Cat coupe out of its cage

The F-Type joins its con­vert­ible sib­ling on a mis­sion to ex­cite — but not pam­per — driv­ers and de­vour cor­ners

Herald Sun - Motoring - - PRESTIGE - STU­ART MARTIN stu­

RAISE your hack­les, cat peo­ple. Jaguar’s ruth­less F-Type Coupe has ar­rived, com­plet­ing the main­stream F range with an em­phatic note.

Su­per­charged V6s kick the range off, match­ing the two spec­i­fi­ca­tions of the con­vert­ible sib­ling, but Jaguar haskindly de­liv­ered a coupe with the abil­ity to fry tyres, warp minds and carry a lit­tle more lug­gage.

Nei­ther V6 could be seen as lethar­gic but the F-Type R — the only roofed ver­sion avail­able for the lo­cal first drive — sprints from rest to 100km/h in un­der 5.0 sec­onds on to a gov­erned 300km/h top speed.


The 3.0-litre (250kW.450Nm) “starter” model is $119,900, with 18-inch al­loys, leather and suede in­te­rior and sports steer­ing wheel. The mid-spec (260kW/460Nm) asks $152,300 and gets the must-have ac­tive ex­haust as stan­dard, plus adap­tive dampers, limited-slip diff, 19-inch al­loy wheels and brake up­grade.

The 5.0-litre V8 (404kW/ 680Nm) is $219,600, with a leather-wrapped flat-bot­tomed steer­ing wheel, 20-inch al­loys, adap­tive sports sus­pen­sion, fur­ther brake up­grade (with the $20,000 op­tion of car­bon ce­ramic discs). It hits 100km/h in a rau­cous 4.2 sec­onds.


The all-alu­minium V8 tops the pops thanks to a Roots-type su­per­charger fed by two in­ter­cool­ers.

The drive to the rear is distributed by an elec­tronic ac­tive dif­fer­en­tial. Work­ing with torque vec­tor­ing brak­ing to fire the big coupe out of bends in a hurry. Its adap­tive dampers check body roll by ad­just­ing damper rates up to 500 times a sec­ond.


The coupe has more road pres­ence than the con­vert­ible, with the same road foot­print — it’s a lit­tle over 1.9m wide which makes it look ag­gres­sive. Mus­cu­lar yet el­e­gant, the slop­ing roofline en­dows cleaner lines to the rear, al­though it’s mini-me pop-up spoiler looks a lit­tle dinky com­pared to the drop­top’s ver­sion.

The bodyshell feels strong and the brand’s in­vest­ment in alu­minium con­struc­tion meth­ods seems to be bear­ing fruit. The coupe’s body side is made from a sin­gle alu­minium press­ing, part of a pack­age that is the most tor­sion­ally rigid pro­duc­tion Jag to date.

Bootspace — vir­tu­ally nonex­is­tent in the con­vert­ible — im­proves a lit­tle in the coupe. There’s up to 407L if you ditch the space-saver spare.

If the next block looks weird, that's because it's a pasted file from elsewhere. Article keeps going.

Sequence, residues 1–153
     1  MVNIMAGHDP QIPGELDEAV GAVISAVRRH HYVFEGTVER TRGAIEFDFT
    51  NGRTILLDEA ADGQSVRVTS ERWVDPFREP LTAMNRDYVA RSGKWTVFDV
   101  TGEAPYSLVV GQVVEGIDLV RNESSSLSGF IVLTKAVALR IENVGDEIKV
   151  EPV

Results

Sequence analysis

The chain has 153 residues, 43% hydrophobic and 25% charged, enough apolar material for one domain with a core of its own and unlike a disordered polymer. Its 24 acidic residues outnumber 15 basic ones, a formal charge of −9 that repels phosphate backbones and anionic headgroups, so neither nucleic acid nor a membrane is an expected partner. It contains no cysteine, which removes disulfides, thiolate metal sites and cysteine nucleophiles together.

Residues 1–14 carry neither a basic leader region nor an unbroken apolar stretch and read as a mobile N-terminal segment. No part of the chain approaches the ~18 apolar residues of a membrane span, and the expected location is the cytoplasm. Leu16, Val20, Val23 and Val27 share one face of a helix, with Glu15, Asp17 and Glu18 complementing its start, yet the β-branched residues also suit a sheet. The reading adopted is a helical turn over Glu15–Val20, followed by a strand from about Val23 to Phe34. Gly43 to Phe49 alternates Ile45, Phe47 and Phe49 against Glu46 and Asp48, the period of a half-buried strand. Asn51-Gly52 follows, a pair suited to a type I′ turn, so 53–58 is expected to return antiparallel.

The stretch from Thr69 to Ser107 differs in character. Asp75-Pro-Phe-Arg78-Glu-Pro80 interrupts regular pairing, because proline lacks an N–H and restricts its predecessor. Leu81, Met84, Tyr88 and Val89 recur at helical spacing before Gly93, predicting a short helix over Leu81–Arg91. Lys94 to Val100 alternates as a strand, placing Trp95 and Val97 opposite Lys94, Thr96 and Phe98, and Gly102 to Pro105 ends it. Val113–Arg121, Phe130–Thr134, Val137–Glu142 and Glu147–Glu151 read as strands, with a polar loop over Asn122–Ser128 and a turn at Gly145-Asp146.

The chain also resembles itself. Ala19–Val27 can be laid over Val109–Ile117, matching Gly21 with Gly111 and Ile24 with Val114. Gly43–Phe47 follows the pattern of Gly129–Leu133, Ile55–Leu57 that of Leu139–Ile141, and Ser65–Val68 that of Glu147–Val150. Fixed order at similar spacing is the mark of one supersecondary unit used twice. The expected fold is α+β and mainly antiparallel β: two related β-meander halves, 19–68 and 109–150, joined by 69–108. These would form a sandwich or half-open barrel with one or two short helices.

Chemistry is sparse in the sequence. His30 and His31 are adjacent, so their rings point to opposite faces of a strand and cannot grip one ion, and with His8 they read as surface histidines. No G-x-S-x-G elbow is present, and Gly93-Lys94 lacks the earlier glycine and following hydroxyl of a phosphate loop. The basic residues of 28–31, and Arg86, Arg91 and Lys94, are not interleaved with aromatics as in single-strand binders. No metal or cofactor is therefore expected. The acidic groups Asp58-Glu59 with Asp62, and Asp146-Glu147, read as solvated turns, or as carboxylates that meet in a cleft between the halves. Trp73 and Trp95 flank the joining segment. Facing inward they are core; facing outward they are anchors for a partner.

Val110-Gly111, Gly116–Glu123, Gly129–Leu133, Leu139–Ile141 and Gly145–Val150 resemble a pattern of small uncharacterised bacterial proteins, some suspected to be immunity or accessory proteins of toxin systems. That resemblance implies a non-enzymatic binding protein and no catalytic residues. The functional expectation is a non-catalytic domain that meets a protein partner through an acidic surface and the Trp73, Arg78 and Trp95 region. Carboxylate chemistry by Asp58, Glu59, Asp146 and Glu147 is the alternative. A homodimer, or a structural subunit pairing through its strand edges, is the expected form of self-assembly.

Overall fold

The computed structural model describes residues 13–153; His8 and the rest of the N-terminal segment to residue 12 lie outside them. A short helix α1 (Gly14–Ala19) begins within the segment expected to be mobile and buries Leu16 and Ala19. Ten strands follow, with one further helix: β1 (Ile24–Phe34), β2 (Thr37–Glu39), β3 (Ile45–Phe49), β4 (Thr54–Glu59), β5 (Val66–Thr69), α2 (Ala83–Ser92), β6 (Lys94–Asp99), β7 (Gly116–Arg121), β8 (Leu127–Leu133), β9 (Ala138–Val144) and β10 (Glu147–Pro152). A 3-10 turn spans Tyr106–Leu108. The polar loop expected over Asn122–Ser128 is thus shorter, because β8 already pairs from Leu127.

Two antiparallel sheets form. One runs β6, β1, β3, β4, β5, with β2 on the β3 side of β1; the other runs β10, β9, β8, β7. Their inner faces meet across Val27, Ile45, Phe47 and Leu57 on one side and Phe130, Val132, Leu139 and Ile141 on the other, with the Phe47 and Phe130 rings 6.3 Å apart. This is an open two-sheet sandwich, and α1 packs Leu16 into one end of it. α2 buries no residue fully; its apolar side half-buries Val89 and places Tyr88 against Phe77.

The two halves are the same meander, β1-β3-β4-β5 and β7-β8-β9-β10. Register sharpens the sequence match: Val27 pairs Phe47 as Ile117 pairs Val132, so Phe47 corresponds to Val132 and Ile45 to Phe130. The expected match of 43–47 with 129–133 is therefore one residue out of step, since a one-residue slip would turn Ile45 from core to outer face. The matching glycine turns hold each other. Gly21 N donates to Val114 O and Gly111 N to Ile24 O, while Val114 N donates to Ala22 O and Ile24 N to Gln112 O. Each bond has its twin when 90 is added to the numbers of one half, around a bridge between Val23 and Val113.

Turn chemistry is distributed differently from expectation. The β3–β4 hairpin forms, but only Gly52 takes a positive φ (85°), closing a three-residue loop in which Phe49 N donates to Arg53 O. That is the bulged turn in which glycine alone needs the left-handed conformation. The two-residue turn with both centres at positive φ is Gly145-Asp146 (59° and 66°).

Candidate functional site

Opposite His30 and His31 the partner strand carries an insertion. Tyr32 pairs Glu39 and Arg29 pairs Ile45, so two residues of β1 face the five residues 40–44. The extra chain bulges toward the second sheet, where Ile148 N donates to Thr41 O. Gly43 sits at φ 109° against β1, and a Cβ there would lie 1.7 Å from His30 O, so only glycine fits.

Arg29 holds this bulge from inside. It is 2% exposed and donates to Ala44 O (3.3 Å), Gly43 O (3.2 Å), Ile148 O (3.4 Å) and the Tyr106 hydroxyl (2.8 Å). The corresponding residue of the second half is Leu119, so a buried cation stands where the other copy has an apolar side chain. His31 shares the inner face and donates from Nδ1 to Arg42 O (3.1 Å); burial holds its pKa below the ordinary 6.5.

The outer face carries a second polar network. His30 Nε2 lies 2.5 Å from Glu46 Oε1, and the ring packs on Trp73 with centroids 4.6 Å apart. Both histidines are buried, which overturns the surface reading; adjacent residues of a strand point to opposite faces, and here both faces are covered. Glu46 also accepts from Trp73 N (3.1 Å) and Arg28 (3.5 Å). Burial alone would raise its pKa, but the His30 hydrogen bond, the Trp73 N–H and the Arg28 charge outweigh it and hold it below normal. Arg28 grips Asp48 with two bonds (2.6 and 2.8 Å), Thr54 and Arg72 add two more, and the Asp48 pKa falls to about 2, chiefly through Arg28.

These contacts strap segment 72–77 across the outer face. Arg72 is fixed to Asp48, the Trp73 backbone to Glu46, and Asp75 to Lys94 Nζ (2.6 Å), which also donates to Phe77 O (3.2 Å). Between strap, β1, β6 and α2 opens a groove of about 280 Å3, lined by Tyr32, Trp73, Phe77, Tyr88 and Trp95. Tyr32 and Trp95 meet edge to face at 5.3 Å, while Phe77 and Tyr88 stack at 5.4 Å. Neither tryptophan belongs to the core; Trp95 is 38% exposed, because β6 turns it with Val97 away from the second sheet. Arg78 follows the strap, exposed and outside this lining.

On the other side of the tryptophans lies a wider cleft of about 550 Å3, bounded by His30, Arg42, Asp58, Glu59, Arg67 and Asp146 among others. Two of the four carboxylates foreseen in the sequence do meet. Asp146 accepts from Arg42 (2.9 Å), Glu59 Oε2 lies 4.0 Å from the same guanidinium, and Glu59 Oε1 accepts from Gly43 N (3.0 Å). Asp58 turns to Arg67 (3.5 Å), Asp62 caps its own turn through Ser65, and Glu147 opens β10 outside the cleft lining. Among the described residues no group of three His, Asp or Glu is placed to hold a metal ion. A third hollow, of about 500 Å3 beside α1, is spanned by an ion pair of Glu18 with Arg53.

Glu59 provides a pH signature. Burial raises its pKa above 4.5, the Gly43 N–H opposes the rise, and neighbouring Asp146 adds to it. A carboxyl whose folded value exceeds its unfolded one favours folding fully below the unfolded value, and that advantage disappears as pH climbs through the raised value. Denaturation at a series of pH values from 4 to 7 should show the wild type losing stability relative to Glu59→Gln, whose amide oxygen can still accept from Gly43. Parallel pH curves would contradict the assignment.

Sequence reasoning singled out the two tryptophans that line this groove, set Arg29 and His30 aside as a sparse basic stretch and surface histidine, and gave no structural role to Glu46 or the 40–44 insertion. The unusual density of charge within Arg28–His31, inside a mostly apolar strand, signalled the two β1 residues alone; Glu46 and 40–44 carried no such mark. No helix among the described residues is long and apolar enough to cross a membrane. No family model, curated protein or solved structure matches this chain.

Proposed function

There are front and side airbags, au­to­matic bi-xenon head­lights, rear park­ing sen­sors, rain­sens­ing wipers and sta­bil­ity con­trol among the stan­dard fare. How­ever, tyre pres­sure and blind spot mon­i­tor­ing, park­ing sen­sors or re­vers­ing cam­era are amaz­ingly not stan­dard on any F-Type.


The first lo­cal drive was un­der­taken in the coupe lineup’s head­line act, the R. From the first full-throt­tle surge, the vo­cal blown V8 makes it easy to be­lieve the 4.2-sec­ond claim for the sprint to high­way speed.

The ac­tive ex­haust brays bel­liger­ently, in a lower tone than the su­per­charged V6 pre­vi­ously sam­pled, and the noise — com­bined with the sharp ex­te­rior — makes for an A-grade head-turner.

Steer­ing is meaty and the helm even meatier. The snug cabin has lit­tle in the way of stor­age but plenty in the way of style and qual­ity ma­te­ri­als.

The touch­screen nav and in­fo­tain­ment sys­tem is start­ing to age a lit­tle, al­though it can still crank out a nice noise if you tire of the en­gine’s sound­track, un­likely though that is.

The fea­tures list is light-on, given the $200,000-plus sticker. Miss­ing are seat heaters which, along with park­ing sen­sors and cam­era, are stan­dard in much cheaper cars.

Ride qual­ity is also not great, even with adap­tive damp­ing set to less ex­treme ef­forts.

The R can fid­get in the bends when taken at speed if the bumps come (not dan­ger­ously) and the un­der­pin­nings still dis­turb the cabin ex­ces­sively.

Ride-han­dling com­pro­mise is a black art that seems bet­ter mas­tered in Porsche’s Cay­man and 911, which in price and in­tent sit ei­ther side of it.

The pay-off for some will be the theatre of the Jag, the image of the brand and fact that there are not many on the road.


A hand­some brute with style and pres­ence. On the right (smooth) road, it devours cor­ners and straights like few oth­ers. But the big cat’s a ride dis­ap­points, as does the lack of some key stan­dard fea­tures.

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